Bush: Better cooperation during Gustav

September 1, 2008 10:28:52 AM PDT
President Bush said Monday that coordination among states and the federal government in response to Hurricane Gustav has been better than during Katrina, which devastated the Gulf Coast in 2005 and tattered his administration's reputation for handling crises. TRACK IT: Location | Forecasted Track | Satellite | Hurricane wind probabilities | TS wind probabilities | Gulf tracking map | Gulf water temps | Hurricane Guide | Tim Heller's blog | Gustav text alerts | Before the storm | Photos

At an emergency operations center in Austin, Texas, Bush said the federal government's job is to assist states affected by the storm. He said he wants to ensure that assets are in place to handle the storm, and preparations are being made to help the Gulf Coast recover.

"To that end, I feel good," Bush said. "The coordination on this storm is a lot better than during Katrina."

He lauded Gulf Coast residents who heeded warnings to evacuate, saying he knows it's hard for citizens to "pull up stakes."

"This storm has yet to pass," Bush said. "It's a serious event."

Bush had planned to address the Republican National Convention, but he headed instead to Austin, about 400 miles west of where the storm struck the Louisiana coast. He received an hourlong briefing aboard Air Force One and planned to learn more about the storm at a command center in San Antonio.

David Paulison, director of the Federal Emergency Management Agency, told reporters on the plane that there has been "unprecedented cooperation" among federal agencies and the private sector. "What it allows us to do is share information of what's going on so we don't end up with what happened in Katrina, with different agencies doing things and others not knowing what's happening," he said.

David Paulison, director of the Federal Emergency Management Agency, told reporters on the plane that there has been "unprecedented cooperation" among federal agencies and the private sector. "What it allows us to do is share information of what's going on so we don't end up with what happened in Katrina, with different agencies doing things and others not knowing what's happening," he said.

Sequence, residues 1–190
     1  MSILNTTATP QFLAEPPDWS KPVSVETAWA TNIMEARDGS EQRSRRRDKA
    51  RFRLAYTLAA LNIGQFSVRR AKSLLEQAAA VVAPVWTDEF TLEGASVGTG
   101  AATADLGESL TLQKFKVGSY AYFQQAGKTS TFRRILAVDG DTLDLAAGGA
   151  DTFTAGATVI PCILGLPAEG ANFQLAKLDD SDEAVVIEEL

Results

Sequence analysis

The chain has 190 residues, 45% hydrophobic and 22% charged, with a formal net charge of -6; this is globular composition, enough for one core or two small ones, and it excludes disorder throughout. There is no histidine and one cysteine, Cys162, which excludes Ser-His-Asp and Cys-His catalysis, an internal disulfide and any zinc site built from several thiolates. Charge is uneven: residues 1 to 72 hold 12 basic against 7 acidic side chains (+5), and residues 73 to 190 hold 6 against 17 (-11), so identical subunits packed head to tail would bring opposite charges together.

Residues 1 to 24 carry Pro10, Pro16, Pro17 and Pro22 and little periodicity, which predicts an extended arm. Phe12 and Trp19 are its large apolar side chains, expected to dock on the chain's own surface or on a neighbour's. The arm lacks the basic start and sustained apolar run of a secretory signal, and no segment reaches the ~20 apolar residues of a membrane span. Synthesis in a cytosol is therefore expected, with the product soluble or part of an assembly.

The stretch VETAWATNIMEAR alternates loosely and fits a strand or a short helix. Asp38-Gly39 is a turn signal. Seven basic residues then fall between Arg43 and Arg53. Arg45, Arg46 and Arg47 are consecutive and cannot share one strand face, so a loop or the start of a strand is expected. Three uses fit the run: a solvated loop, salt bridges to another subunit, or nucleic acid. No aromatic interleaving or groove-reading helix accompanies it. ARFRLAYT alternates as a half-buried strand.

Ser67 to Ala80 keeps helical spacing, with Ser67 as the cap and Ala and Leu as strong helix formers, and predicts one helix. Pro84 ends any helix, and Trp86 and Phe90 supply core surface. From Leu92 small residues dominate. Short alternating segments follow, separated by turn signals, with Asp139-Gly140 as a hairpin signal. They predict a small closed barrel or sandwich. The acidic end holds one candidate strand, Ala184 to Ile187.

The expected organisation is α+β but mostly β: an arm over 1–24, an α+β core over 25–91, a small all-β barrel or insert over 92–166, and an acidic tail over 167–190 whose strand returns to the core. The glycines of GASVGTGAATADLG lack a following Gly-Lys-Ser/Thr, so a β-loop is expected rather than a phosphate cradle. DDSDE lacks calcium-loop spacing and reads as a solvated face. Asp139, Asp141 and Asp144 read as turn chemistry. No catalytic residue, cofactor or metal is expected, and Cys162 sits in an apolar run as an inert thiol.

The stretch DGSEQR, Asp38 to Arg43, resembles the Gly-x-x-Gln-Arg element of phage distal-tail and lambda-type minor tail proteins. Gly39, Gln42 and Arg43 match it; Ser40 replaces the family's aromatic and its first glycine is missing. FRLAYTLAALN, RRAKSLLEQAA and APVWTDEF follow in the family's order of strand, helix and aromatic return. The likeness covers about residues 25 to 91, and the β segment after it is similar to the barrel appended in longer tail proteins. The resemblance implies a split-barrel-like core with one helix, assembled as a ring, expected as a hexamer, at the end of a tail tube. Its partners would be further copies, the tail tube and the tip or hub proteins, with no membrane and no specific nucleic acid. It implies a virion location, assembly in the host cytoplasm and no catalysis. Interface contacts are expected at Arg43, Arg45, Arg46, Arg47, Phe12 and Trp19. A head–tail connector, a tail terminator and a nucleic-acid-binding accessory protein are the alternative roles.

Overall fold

Paulison said the help came ahead of the storm time, significantly easing evacuations. Everyone in New Orleans who wanted to evacuate could have, Paulison said. "There should not be any excuses," he said. "If people stayed in New Orleans, it was their choice."

The enduring memory of Katrina is not the ferocity of the storm, but the bungled reaction that led to preventable deaths and chaos. Disaster response has undoubtedly improved since then. But Katrina, which killed nearly 1,600 in 2005, was a low chapter in American history, and it deeply eroded credibility in Bush's administration.

Texas Gov. Rick Perry and Sen. Kay Bailey Hutchison, R-Texas, greeted Bush as he got off the plane in shirtsleeves on a hot, sunny day in Texas.

By flying to Texas, Bush clearly wanted to show the nation, and particularly people of the Gulf Coast, that he is committed to answering their needs. He said he hopes to get to Louisiana, too, but will choose a time that does not interfere with emergency response efforts.

Gustav was downgraded to a Category 2 storm by mid-Monday morning. Katrina was a Category 3 storm when it hit the Gulf Coast three years ago, obliterating 90,000 square mu add it all up," Johnson said in an interview with The Associated Press a few hours before landfall. "But we're certainly not expecting it to be as much as a Katrina."

"We don't expect the loss of life, certainly, that we saw in Katrina," he said. "But we are expecting a lot of homes to be damaged, a lot of infrastructure to be flooded, and damaged severely."

In appearances on morning network news shows, Homeland Security Secretary Michael Chertoff said planning, preparation and early evacuations, especially of people in need, were successful. Health and Human Services Secretary Mike Leavitt declared a public health emergency to ensure that people enrolled in Medicare, Medicaid and the State Children's Health Insurance Program in Louisiana, Texas, Mississippi and Alabama continue to receive their health care items and services even after they leave their homes.

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